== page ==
In other Fulcrum news, with summer winding down, we’re looking forward to the arrival of our fall list. Next month we have two great books coming out:

The Legal Universe by David Wilkins and Vine Deloria Jr. is a comprehensive examination of the historical evolution of the legal rights of various minority groups and the relationship between these rights and the philosophical intent of the American founders.

The Hank Adams Reader is a collection of Hank Adams's previously unpublished letters and essays.

Mile High Summer

If you’re like me and aren’t taking a vacation this summer, there’s plenty of fun to be had right here in Denver.

This weekend, I had a blast meeting George R. R. Martin at the Tattered Cover, along with 600 other fans. In his remarks before the signing, he admitted that Tyrion was his favorite character and that Bran was the hardest to write because of the difficulty of writing from the point of view of a young child. No word on whether he’s heard my secret prayers to kill off Sansa Stark. The good people at Tattered Cover were great at keeping the lines moving while smiling and chatting with fans. There are some more great events planned this month at Tattered Cover, so be sure to check them out.

Photo by sjogrens via Flickr.

I also hung out at the Denver Zoo for their “Colorado Proud” Date Night event. I dined on local foodstuffs, including wine pairings by Monkey Theorum wines. I was also accosted by one of the zoo’s wandering peacocks, who walked around our table several times before settling down to the side of my chair to watch me eat. Perhaps he thought my purple hair was a sign that we are distantly related. I highly recommend the zoo’s date night series. The food is delicious, and hitting the zoo during the evening is a great way to beat the heat and the crowds.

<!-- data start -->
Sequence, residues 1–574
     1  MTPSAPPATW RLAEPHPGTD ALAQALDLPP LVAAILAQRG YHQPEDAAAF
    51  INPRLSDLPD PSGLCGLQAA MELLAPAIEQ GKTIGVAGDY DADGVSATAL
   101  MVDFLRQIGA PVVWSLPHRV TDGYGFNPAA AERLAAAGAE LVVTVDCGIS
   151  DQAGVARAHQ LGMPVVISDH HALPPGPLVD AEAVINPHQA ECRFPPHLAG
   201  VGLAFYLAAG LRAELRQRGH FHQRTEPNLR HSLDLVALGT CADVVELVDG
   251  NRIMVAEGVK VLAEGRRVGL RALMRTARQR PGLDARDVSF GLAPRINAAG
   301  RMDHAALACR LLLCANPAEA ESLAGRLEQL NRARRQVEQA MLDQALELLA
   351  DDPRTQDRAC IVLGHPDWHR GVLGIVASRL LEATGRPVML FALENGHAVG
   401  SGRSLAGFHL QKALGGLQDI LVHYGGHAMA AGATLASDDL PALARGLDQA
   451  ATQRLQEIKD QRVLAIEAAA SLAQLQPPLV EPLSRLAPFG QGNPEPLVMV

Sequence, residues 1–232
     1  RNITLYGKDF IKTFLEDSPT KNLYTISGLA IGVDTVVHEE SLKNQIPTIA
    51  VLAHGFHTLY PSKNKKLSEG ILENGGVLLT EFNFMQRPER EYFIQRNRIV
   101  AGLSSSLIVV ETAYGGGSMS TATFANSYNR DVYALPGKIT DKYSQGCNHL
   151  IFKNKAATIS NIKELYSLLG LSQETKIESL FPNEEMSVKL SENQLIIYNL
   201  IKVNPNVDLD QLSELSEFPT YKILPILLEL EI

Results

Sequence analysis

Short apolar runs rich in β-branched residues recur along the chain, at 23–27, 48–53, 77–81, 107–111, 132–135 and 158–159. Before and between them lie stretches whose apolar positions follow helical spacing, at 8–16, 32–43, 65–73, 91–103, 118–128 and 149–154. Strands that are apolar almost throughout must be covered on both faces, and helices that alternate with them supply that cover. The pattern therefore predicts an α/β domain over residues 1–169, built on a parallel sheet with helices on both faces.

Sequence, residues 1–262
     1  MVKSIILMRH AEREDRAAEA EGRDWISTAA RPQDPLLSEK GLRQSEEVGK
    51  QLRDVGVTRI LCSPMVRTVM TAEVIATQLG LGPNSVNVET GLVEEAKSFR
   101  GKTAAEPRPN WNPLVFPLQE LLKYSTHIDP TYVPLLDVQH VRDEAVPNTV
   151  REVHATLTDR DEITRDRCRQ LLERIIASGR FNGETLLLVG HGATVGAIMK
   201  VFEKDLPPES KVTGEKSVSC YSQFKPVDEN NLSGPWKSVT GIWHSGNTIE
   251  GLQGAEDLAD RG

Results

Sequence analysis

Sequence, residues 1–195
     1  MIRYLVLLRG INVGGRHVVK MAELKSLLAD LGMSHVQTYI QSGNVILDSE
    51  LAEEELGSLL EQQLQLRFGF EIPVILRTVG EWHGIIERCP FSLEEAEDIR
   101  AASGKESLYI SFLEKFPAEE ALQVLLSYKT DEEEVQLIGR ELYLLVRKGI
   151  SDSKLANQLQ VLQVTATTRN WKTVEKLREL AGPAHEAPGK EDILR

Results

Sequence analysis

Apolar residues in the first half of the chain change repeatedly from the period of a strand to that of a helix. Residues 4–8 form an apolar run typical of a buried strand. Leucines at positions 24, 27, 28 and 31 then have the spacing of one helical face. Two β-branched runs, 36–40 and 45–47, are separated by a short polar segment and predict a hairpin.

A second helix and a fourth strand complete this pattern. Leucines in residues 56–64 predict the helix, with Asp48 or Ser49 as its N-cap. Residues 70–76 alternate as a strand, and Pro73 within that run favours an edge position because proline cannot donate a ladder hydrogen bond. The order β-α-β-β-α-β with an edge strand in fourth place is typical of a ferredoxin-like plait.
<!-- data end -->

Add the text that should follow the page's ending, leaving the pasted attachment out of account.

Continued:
This week, I’m planning on attending the “Mucho Mojo” event put on by the Denver Public Library’s Fresh City Life. If you’ve ever wanted to create your own mojo bag to ward off creatures of the night, then you should stop by the event on Thursday.

Rock Out Your summer with Local Events

The end of summer is rapidly approaching, but we still have time to wring out all the merry fun we can from the warmest days of the year. As the Starks say, “Winter is coming,” so you’d do best to take advantage of our precious warm season while you can.

Tonight, Film on the Rocks at Red Rocks is showing Twilight. If any of our dear readers haven’t heard of it, it’s a small indie film, a love story between two teenagers: one pale and one sparkly, starring two talented unknowns: Kristin Stewart and Robert Pattison. It’s a lovely, quaint film set in a small logging town in Washington. It’s like Romeo and Juliet meets Twin Peaks meets Dawson’s Creek. My sister-in-law will be attending in full sparkle mode. I’ll be at home, on my porch, quietly melting.

Be sure to stop by your local farmers’ market this weekend. Last week, I bought some saucer peaches, which I’ve been eating nonstop. They’re pretty much the best thing ever, all fuzzy and sweet and saucer shaped.

Next week, the Denver Botanic Gardens are doing a great event with Ryan Rice, the artist and chief curator at the Museum of Contemporary Native American Arts in Santa Fe, NM, as well as the cofounder and chair of the Aboriginal Curatorial Collective. The basic event details are below, but visit the Botanic Gardens site for more info:
July 27 —“Site Seen: Native Art in Public Spaces”

Walk:  5:30–6:30 p.m.

Guided walk by Ryan Rice acts as prelude to the lecture. Space is limited.

Lecture:  7–8 p.m.

Then, on August 4, Denver Public Library is hosting a night of urban fantasy on the eve of RomCon. As I love book readings, cocktails, and magic of the urban fantasy variety, I’ll be attending in full sparkle mode.

From the Fresh City Life website: